I'm currently on page 325 of Dan Brown's The Da Vinci Code. I am not reading it for pleasure. Although, by and large, even the pop-culture public is sick of the book, and they (thanks be to God) don't take it seriously, still, there are enough people out there who know little enough that they just eat this stuff up.
The book is a propeganda tract for every little bit of esotericism out there--Wicca, goddess worship, nature worship, gnosticism, ritual sex, etc.--candy-wrapped in a shallow, implausible, comic-bookish mystery story. Brown paradoxically preaches absolute postmodern relativism regarding historical beliefs, and at the same time he throws out phrases like "established historical fact" and "copiously researched" to decorate his fantasy. It is as if repeating these claims ad nauseum was sufficient to command the assent of millions.
And, sadly, it is.
But this blog post isn't meant to take down every ugly part of Brown's book (I imagine even every anti-Brown book published so far only scratches the surface), but to point out one in particular. The smugness. Oh, is it ever thick. It's so thick that Brown even celebrates it, attributing smugness as the grand virtue of every character sympathetic to his esoteric paganism. The sly self-superiority and the grandiose stroking of his own cleverness saturate the novel so much that I'm wearied by it and I have to take frequent breaks.
I can only imagine that the smugness is a deliberate mechanism. Smugness in a novel isn't a habit; it's a technique. Although being smug is not generally a lauded quality, in day to day interactions it has a polarizing effect. Smugness, I assume, generally involves taking loud pleasure in one's own superiority--real or imagined. When it comes to gnostic superiority--the superiority of being in possession of "secret knowledge," the difference between the "haves" and "have nots" is particularly sharp. Nobody wants to be on the wrong end of smugness; nobody wants to be the one ignorant of the reason for somebody else's furtive "knowing" smile.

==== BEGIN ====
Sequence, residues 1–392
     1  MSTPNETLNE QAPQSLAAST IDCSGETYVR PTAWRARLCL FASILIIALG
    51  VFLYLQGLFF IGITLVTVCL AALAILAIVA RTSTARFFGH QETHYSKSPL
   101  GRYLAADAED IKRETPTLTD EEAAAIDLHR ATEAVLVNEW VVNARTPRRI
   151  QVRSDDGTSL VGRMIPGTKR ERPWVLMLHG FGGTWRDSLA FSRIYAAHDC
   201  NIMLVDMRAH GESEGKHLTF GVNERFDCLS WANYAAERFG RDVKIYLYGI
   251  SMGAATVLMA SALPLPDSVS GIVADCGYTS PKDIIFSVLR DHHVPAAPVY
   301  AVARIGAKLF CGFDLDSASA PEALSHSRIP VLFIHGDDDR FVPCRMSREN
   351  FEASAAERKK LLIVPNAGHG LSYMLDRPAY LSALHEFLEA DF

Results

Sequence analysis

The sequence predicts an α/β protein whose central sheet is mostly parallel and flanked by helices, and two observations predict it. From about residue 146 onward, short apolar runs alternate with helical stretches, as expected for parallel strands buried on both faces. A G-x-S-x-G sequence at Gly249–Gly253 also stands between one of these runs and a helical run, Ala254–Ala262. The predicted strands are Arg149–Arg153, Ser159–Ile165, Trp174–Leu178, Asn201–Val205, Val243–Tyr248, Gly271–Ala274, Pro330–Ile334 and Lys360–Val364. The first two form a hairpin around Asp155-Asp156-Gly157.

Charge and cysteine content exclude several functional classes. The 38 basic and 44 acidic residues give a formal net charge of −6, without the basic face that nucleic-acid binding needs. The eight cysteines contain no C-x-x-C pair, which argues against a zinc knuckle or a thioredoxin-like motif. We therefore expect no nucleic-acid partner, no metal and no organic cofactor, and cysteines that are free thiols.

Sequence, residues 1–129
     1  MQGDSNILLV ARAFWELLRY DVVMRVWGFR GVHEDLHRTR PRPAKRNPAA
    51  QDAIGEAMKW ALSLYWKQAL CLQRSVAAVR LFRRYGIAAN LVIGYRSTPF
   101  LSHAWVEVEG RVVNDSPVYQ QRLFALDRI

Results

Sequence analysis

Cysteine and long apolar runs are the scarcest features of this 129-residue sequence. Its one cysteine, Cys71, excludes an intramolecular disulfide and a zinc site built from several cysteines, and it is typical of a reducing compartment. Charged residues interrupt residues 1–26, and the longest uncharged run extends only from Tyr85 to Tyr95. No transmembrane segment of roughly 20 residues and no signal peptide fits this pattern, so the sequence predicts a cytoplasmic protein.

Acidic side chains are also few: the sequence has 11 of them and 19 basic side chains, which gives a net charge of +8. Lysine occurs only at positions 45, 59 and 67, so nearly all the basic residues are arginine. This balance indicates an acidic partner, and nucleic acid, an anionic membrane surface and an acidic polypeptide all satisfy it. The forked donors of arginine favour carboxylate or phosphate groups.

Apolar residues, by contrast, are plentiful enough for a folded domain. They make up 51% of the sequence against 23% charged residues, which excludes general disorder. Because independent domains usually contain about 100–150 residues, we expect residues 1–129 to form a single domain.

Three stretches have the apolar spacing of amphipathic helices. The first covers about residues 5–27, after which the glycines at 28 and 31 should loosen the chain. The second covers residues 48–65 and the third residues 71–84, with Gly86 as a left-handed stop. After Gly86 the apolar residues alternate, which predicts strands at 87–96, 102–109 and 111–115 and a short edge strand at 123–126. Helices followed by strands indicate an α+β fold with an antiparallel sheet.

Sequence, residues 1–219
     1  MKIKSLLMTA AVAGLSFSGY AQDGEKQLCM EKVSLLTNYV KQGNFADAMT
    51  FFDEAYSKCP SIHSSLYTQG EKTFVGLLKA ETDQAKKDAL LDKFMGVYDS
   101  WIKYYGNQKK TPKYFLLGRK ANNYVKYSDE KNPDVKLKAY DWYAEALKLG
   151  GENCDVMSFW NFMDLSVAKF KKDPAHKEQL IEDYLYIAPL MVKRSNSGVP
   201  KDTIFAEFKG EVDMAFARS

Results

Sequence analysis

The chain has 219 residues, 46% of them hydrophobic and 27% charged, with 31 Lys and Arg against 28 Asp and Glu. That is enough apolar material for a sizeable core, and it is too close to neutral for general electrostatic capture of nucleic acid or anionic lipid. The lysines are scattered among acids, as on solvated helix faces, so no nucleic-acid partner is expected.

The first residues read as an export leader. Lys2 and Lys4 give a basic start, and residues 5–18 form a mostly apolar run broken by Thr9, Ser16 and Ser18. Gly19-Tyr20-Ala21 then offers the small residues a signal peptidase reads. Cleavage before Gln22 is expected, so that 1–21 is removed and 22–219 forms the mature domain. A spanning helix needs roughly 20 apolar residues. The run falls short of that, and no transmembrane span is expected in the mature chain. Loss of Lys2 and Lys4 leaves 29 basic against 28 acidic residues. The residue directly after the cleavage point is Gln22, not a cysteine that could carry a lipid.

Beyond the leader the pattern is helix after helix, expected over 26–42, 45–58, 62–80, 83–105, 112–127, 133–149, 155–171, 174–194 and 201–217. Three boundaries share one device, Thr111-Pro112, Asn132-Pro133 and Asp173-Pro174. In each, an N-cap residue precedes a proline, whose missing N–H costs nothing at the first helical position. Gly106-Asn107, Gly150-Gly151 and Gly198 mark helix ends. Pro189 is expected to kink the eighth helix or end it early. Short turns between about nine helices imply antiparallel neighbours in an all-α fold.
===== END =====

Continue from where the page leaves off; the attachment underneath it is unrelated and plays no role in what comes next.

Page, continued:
Thus is nestled, in the smugness of Dan Brown, an ingenious little temptation. Be Smug With Me. Believe what I tell you. As one of the back cover praises says, "Read the book and be enlightened." Then you won't be one of the dumb people anymore. You can be among the intelligent, the enlightened, the smug.
For those who don't feel particularly tempted by the desire for gnostic superiority, the smugness has a different--and again, intended--effect. Rage. It does not matter how demonstrably untrue are all the smug person's reasons for being smug; how many laws of logic are flouted in the name of smarmy moralistic self-flattery; how academically ridiculous the case is--no response will crack the ritual mask of smugness. This, understandably, makes Brown's many targets--faithful Catholics--upset.
The anger, predictably, feeds into the smugness. Brown includes in his novel several (naive) portrayals of the general public as being "unable to handle" what he has to sell. To disgree with his esotericism means you're a dupe; but to get angry means that you're weak, and maybe even psychotic (like Silas the Opus Dei monk).
It reminds me of G.K. Chesterton's explanation of circular thought in Orthodoxy: if I believe I am the Queen of England, then surely if you disagree with me it is because you have an agenda to keep the true monarch off the throne. It's a wonderful, logically consistent, perfect, tiny world of self affirmation.